Does this mean that we can eventually stop worrying about cables and circuit board traces as the frequencies of our systems continue to increase at the current rate? Well, no! Michel clearly showed that although the contribution of the system’s larger elements levels off as these elements become too long to be truly efficient antennas, they never actually decrease in their potential contribution as the ‘path’ for total system emissions or immunity contribution. So, while our current ‘tool box’ of system and circuit level mitigation techniques will remain necessary in future, faster, smaller systems, and the need to address direct effects from and into the system’s integrated circuits must now be considered when the whole system’s problems are addressed.
So what does this say for the future of the EMC Society? Clearly, we are not ‘on the way out’. However, just as clearly, we cannot rest on our past accomplishments and assume that our current ‘bag of tricks’ will be sufficient to handle all of our future problems. We have significant learning in our immediate future. We also have a responsibility to begin spreading an awareness of these new threats to our membership through technical articles, tutorials, workshops, and with special sessions at our EMC Symposia.
At some future point in time, we will have assimilated this new information into the ‘standard’ tool kit we try to provide to every new EMC engineer. When that happens, I have no doubt there will be something else, as yet unknown or unnoticed, that will occupy our thoughts, pushing us to new learning and pushing us to come up with new solutions. Will this ever end? The process appears to be akin to evolution and growth, so… probably not. We are just witnessing another stage in an evolving process.
I don’t want to spend too much time talking about the Workshop, as I know that its two principal organizers, Mohamed Ramdani and Richard Perdriau, will be providing a detailed article for the newsletter within the next few weeks, filled with photographs of the event, and a sense of the ambiance of their region of France, that I can only hint at. Look for their article. I know you will find in engrossing.

Improving Economy
Spring this year also seems to be holding the promise of a thaw in the economic cycle. This will come as a great relief to many who have been waiting, while the so-called economic “experts” tell us what we already know. Times have been difficult for many engineers. But the spring this year seems to also be bringing new opportunities in many areas where our members provide the technical insight needed to make a potentially good product idea into a successful one in the marketplace.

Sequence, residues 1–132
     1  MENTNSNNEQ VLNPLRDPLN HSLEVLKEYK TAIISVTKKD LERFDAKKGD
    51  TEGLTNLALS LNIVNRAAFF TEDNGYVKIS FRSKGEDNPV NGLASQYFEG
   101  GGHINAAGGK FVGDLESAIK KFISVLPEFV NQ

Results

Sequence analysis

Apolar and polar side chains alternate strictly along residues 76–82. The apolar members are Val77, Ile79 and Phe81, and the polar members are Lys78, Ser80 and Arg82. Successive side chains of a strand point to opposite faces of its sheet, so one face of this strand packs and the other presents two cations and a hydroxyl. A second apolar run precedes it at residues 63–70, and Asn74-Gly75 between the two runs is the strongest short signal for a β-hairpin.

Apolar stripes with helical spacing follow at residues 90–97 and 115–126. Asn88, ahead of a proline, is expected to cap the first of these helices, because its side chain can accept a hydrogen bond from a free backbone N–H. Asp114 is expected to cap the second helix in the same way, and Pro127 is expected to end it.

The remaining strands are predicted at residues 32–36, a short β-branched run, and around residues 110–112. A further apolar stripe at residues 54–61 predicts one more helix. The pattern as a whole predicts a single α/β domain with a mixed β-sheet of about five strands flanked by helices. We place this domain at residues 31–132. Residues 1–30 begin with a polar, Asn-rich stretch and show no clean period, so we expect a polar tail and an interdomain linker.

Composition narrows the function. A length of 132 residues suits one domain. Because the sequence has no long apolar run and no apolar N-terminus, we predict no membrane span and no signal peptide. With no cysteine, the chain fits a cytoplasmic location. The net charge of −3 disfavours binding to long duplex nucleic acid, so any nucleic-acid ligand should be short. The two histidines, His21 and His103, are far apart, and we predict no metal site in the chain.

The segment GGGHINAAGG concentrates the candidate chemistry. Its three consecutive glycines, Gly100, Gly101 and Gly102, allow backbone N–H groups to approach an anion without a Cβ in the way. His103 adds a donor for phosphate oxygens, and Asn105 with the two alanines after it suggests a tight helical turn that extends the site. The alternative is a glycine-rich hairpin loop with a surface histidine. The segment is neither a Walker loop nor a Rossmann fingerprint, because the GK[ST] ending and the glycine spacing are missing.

Looking Forward to Santa Clara in August
The full flowering of our symposium in Santa Clara will be a chance for us all to greet old friends, and make new ones. It will also continue to provide opportunities for education, information exchange, networking and just plain fun. I hope to see you all there to celebrate the re-starting of the economic engine, and the return to the work force of many of our members. I also hope to meet many new engineers just starting into EMC as a career path. I have no crystal ball to predict what the next 30 years of a career will hold, except to say that I already have seen some of the leading edge technology of that period, and I know that it will be exciting!
Also remember, if you are an employer looking for EMC engineers and technicians, the IEEE International EMC Symposium is the BEST place to look. The IEEE International EMC Symposium is the gathering place for the best of the best.

Looking Further to Chicago / Portland / Honolulu
Chicago in 2005, Portland in 2006 and Honolulu in 2007, all seem a long way off from where we stand in early spring of 2004, but time has a habit of creeping up on everyone. I predict that these future dates of the symposium will be upon us before we realize it, and shifted into memory almost as quickly. But, notice that you can’t remember it unless you are there. So plan ahead! Be with us at each and every one. EMC